# Selection of Appropriate Criteria for Optimization of Ventilation Element for Protective Clothing Using a Numerical Approach

^{*}

## Abstract

**:**

## 1. Introduction

**The Continuity Equation:**

**Navier–Stokes Equations (Momentum Equation):**

**The Energy Equation:**

## 2. Model Components and Boundary Conditions

- The jacket is closed at the top and bottom to prevent air from passing through, allowing for an investigation into the efficiency of ventilation.
- The study does not take radiation into consideration, as the heat loss due to radiation is assumed to be the same across all scenarios.
- The process of heat transmission occurs through conduction and convection from the body to the jacket and, subsequently, to the outer environment.

## 3. Results and Discussion

_{i,}when the i-th experiment point is not used in the approximation, and n—refers to the total number of experiment points. A more meaningful measure for assessing the accuracy of the approximation is the relative cross-validation error (Sigma Cross%), expressed as a percentage of the Standard Deviation (STD).

## 4. Conclusions

## Author Contributions

## Funding

## Data Availability Statement

## Acknowledgments

## Conflicts of Interest

## Nomenclature:

NURBS | Non-Uniform Rational B-Splines |

MSDLH | Mean Square Distance Latin Hypercube |

DOE | Design of Experiments |

HTR | Heat Transfer Rate [W] |

H (avg.) | Absolute Total Enthalpy (average) [J/kg] |

ΔH | Absolute Total Enthalpy Rate [W] |

HF (avg.) | Surface Heat Flux (average) [W/m^{2}] |

dP | Pressure Difference (from flow trajectories) [Pa] |

dT | Surface Temperature Difference (body) [°C] |

Sigma Cross% | Relative Cross-validation error |

Max Rel Error | Maximum Relative Error |

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**Figure 1.**CAD model of a ventilation element with lower bounds on design variables [11].

**Figure 2.**CAD model of a ventilation element with upper bounds for design variables [11].

**Figure 3.**MSDLH DOE: (a) DOE with 12 trials for 2 factors generated by KEDRO; (b) 12 geometrical models of elements constructed using this DOE.

**Figure 4.**Model design of the body and jacket [18].

**Figure 6.**Flow pressure plot in the air gap between the body and jacket for element 1: (

**a**) Flow trajectories over the entire model; (

**b**) Enlarged view near inlet ventilation.

**Figure 7.**Surface temperature plot of the body for element 1: (

**a**) Surface temperature of the body over the entire model; (

**b**) Enlarged view near inlet ventilation.

**Figure 8.**Response surface dT = f (R60, R90) using 12 DOE for Kriging approximation: (

**a**) Cross-section plane of the response surface; (

**b**) Indications of approximation quality.

**Figure 9.**Optimization result (red point indicates global minimum of criteria -dT): (

**a**) Cross-section plane of the criterion surface; (

**b**) Optimum values.

**Figure 10.**Pressure plots for optimum element design: (

**a**) Flow pressure over the entire model; (

**b**) Zoomed view near the ventilation hole.

**Figure 11.**Surface temperature of the body: (

**a**) Surface temperature plot of the whole model; (

**b**) Zoomed view near the ventilation hole.

Material Property | Human Body | Jacket |
---|---|---|

Average density [kg.m^{−3}] | 985 | 1420 |

Specific heat [J.kg^{−1}.K^{−1}] | 3500 | 1140 |

Thermal conductivity [W.m^{−1}.K^{−1}] | 0.21 | 0.261 |

Element | HTR [W] | H (Avg.) [J/kg] | ΔH [W] | HF (Avg.) [W/m^{2}] | dP [Pa] | dT [°C] |
---|---|---|---|---|---|---|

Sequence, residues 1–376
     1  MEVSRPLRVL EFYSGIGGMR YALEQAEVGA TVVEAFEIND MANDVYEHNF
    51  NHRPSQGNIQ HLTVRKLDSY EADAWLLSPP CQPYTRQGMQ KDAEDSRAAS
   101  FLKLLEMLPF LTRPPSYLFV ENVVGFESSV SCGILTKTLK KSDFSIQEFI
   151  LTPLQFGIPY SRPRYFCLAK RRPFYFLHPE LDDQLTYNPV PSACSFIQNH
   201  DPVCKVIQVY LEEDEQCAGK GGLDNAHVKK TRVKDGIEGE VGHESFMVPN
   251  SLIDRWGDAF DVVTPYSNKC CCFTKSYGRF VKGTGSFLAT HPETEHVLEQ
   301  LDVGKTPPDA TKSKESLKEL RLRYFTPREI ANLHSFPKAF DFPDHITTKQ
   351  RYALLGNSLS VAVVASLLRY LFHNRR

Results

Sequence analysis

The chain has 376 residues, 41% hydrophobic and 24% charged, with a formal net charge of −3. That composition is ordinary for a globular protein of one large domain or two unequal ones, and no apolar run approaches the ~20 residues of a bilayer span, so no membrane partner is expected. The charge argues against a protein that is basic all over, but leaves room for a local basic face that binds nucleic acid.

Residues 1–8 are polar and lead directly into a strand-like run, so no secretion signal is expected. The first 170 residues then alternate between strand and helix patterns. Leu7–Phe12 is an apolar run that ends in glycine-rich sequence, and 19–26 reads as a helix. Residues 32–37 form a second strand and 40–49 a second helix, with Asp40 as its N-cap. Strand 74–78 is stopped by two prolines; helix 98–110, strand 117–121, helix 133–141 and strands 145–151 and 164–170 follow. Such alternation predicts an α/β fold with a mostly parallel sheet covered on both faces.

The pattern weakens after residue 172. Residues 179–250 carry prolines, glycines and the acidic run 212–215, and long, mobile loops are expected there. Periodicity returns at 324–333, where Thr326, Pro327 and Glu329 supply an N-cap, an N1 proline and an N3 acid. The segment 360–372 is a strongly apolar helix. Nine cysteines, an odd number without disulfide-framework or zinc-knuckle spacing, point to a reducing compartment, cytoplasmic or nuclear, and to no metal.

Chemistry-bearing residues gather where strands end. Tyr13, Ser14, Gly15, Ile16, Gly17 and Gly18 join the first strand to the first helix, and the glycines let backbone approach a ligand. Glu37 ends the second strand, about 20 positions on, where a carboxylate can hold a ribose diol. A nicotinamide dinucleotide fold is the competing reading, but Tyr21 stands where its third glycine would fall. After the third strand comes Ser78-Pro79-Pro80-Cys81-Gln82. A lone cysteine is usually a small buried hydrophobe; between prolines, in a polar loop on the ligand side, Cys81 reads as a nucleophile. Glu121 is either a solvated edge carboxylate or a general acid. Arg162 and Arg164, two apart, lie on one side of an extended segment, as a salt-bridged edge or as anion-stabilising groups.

1 | 17.655 | 312,509.94 | −0.997 | 29.682 | 5.55 | 7.5 |

2 | 17.644 | 312,509.58 | −1.00 | 29.663 | 6.17 | 6.2 |

3 | 17.622 | 312,509.25 | −0.997 | 29.693 | 6.06 | 7.7 |

4 | 17.693 | 312,509.84 | −0.997 | 29.746 | 8.49 | 7.24 |

5 | 17.650 | 312,509.43 | −0.997 | 29.674 | 5.89 | 7.38 |

6 | 17.599 | 312,509.65 | −1.00 | 29.587 | 5.74 | 6.91 |

7 | 17.617 | 312,510.01 | −0.997 | 29.617 | 8.25 | 7.04 |

8 | 17.612 | 312,510.09 | −0.997 | 29.584 | 34.4 | 6.64 |

9 | 17.692 | 312,510.21 | −0.997 | 29.744 | 18.83 | 6.91 |

10 | 17.689 | 312,509.84 | −0.997 | 29.739 | 13.92 | 7.27 |

11 | 17.687 | 312,509.94 | −0.997 | 29.725 | 5.7 | 6.76 |

12 | 17.632 | 312,509.62 | −0.997 | 29.643 | 5.44 | 6.68 |

X1 | X2 | Y1 | Y2 | |
---|---|---|---|---|

Mnemonic | R60 | R90 | dP | dT |

1 | 1.2545 | 1.8209 | 5.55 | 7.5 |

2 | 1.5527 | 0.01 | 6.17 | 6.2 |

3 | 0.6581 | 0.2363 | 6.06 | 7.7 |

4 | 1.8509 | 0.6890 | 8.49 | 7.24 |

5 | 0.36 | 0.9154 | 5.89 | 7.38 |

6 | 1.1054 | 0.4627 | 5.74 | 6.91 |

7 | 0.5090 | 2.0472 | 8.25 | 7.04 |

8 | 0.9563 | 2.5 | 34.4 | 6.64 |

9 | 1.7018 | 2.2736 | 18.83 | 6.91 |

10 | 2 | 1.5945 | 13.92 | 7.27 |

11 | 1.4036 | 1.1418 | 5.7 | 6.76 |

12 | 0.8072 | 1.3681 | 5.44 | 6.68 |

Indices | dP [Pa] | dT [°C] |
---|---|---|

Optimum shape of element | R60 = 0.50; | R60 = 0.50; |

R90 = 0.01 | R90 = 0.01 | |

Sigma Cross% | 50.09 | 44.62 |

Optimum values from KEDRO | 6.63 (Min) | 8.35 (Max) |

Value from flow simulation results | 6.75 | 8.55 |

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**MDPI and ACS Style**

Vejanand, S.R.; Janushevskis, A.; Vaicis, I.
Selection of Appropriate Criteria for Optimization of Ventilation Element for Protective Clothing Using a Numerical Approach. *Computation* **2024**, *12*, 90.
https://doi.org/10.3390/computation12050090

**AMA Style**

Vejanand SR, Janushevskis A, Vaicis I.
Selection of Appropriate Criteria for Optimization of Ventilation Element for Protective Clothing Using a Numerical Approach. *Computation*. 2024; 12(5):90.
https://doi.org/10.3390/computation12050090

**Chicago/Turabian Style**

Vejanand, Sanjay Rajni, Alexander Janushevskis, and Ivo Vaicis.
2024. "Selection of Appropriate Criteria for Optimization of Ventilation Element for Protective Clothing Using a Numerical Approach" *Computation* 12, no. 5: 90.
https://doi.org/10.3390/computation12050090